Filed two urgent appeals to allow 5 Eritreans to enter Italy.
In December 2021, some ASGI member lawyers on a mission carried out in Niamey and Agadez by the ASGI project Sciabaca & Oruka – Beyond the Border met in Niamey a family of four people, including two minors, and a young man, all from Eritrea and stranded in Niger for four years.
The family and the boy were evacuated from Libya to Niger through the Emergency Evacuation Mechanism (ETM) managed by UNHCR and once in Niger they followed the procedure for recognition of international protection. Although the process is not yet complete, UNHCR has given a negative opinion on their request for protection. The people in question fled from Eritrea, i.e. a country subjected to a harsh and long-lasting dictatorship, and arrived in Libya where they were tortured, sold, bought and arbitrarily detained.The boy left Eritrea when he was still a child, and as a underage boy he suffered numerous abuses that were inscribed in his biography, leaving deep scars. The who is part of the family suffers from epileptic seizures as a result of a head injury due to beatings inflicted in Libya and has depressive crises that worsened with the birth of her two children, the first born in a Libyan detention centre. In Niger they find themselves in an extremely precarious condition both in relation to their personal situation and in relation to the condition of the country: the risk of terrorism is high and there have been more than 700 victims of armed attacks since 2021.
What is the Emergency Transit Mechanism and how does it work?
In late 2017, the UNHCR approved a plan to evacuate and resettle asylum seekers and refugees from Libya in order to allow them access to protection and so-called ‘durable solutions’. To this end, the High Commission signed a Memorandum with Niger in December of the same year, which stipulated Niger’s readiness to receive people evacuated from Libya while respecting certain parameters, including a maximum period of residence in the country for each person of six months. The memorandum was renewed in February 2020 for a further period of two years. In 2019, a similar understanding was signed with Rwanda, where vulnerable persons are currently evacuated from Libya and where they await resettlement in a country of destination.
The ETM is one of the very few instruments put in place by international cooperation, and by Italy in particular, to mitigate the effects of the blockade of departures from Libya caused primarily by the implementation of the Italy-Libya Memorandum.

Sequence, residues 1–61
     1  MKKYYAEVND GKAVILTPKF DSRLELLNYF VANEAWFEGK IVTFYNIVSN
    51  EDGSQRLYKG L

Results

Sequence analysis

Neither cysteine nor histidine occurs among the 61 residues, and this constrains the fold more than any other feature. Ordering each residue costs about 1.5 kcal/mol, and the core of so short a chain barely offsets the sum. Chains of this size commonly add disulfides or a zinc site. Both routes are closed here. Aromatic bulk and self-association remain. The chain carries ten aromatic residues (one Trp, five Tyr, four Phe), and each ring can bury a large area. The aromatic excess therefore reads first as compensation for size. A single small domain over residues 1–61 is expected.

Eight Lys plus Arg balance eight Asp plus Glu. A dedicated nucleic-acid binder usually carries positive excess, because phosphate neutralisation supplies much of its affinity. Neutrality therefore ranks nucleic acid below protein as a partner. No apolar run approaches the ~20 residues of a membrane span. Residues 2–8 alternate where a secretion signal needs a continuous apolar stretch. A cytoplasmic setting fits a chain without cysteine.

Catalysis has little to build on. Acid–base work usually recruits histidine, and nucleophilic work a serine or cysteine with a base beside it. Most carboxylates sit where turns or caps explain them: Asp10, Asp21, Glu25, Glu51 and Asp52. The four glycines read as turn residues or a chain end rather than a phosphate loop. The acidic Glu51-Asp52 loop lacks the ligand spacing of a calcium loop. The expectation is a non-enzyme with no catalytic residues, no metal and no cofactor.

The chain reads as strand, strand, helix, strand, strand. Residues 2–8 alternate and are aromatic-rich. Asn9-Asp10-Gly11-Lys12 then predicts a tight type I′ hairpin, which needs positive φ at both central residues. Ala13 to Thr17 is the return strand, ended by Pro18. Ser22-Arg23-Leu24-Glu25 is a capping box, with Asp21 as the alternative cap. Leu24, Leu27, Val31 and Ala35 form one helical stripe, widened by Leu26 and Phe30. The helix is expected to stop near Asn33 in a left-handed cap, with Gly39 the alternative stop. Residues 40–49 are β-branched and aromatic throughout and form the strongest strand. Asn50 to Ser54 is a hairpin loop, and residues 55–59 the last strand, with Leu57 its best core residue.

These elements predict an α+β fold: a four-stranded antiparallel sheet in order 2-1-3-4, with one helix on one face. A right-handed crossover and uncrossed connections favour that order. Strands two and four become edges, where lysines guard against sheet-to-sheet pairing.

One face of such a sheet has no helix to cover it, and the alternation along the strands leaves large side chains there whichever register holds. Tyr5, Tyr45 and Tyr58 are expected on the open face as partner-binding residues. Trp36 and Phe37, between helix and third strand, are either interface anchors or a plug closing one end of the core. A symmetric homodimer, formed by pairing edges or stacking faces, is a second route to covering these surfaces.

Despite its relevance from a humanitarian and emergency perspective, the ETM can in no way be considered as a mechanism granting access to protection capable of addressing the consequences of the departure blockade operated by the Libyan authorities with Italian support.
Indeed, there are several limitations of this programme: the first issue concerns the people having access to it.
In Libya, UNHCR can only register and provide assistance to people coming from 9 countries (Iraq, Syria, Palestine, Eritrea, Ethiopia, Somalia, Sudan, South Sudan, Yemen). All other people, regardless of their situation, cannot be registered and therefore cannot have access to any form of assistance and protection provided by UNHCR.
Of the registered persons, only the most vulnerable are considered eligible for evacuation.
The procedure for determining who can be evacuated is burdened with a high degree of discretionality and there are no procedural guarantees available to applicants. On the contrary, it is basically a concessionary and emergency mechanism.
Once evacuated, as is evident from the situation of the applicants, there is no certainty that they will then be resettled – there is no obligation to accept resettlement applications for the countries of destination – nor that they are guaranteed any form of protection under the laws in force in Niger or Rwanda (which are often more restrictive than those in force in the EU).
In these countries, moreover, minimum standards of reception and protection cannot be guaranteed for the duration of the procedure, which is very evident in the case of Niger.
The application for entry visas
As a result of these limitations, the people ASGI met in Niamey find themselves without any form of protection from the risks they face in the country and, more worryingly, from the risk of refoulement to their country of origin.
In response to this situation, the lawyers identified as the only solution to guarantee them access to protection the submission of applications for humanitarian entry visas to Italy. Following the refusal to issue the visas by the Italian Embassy in Niger, two urgent appeals were submitted to the Civil Court for the issuance of visas that would allow the people they met to enter Italy safely and request that they be granted refugee status.
Since the action taken by ASGI’s member lawyers is limited to the protection of the persons they have met, ASGI urges UNHCR to urgently reconsider the situation of the many people who have had access to the ETM.
ASGI calls on UNHCR to ensure that all persons who have had access to the ETM from Libya and are still in Niger are relocated as quickly as possible to an effectively safe third country to adequately guarantee their right to protection from refoulement in their state of origin and to a decent life.
The further stay of these people in a precarious and uncertain condition for more than six months in Niger, a very poor country with high security risks, can in no way be an adequate solution for people evacuated after periods of inhuman and degrading detention in Libya.
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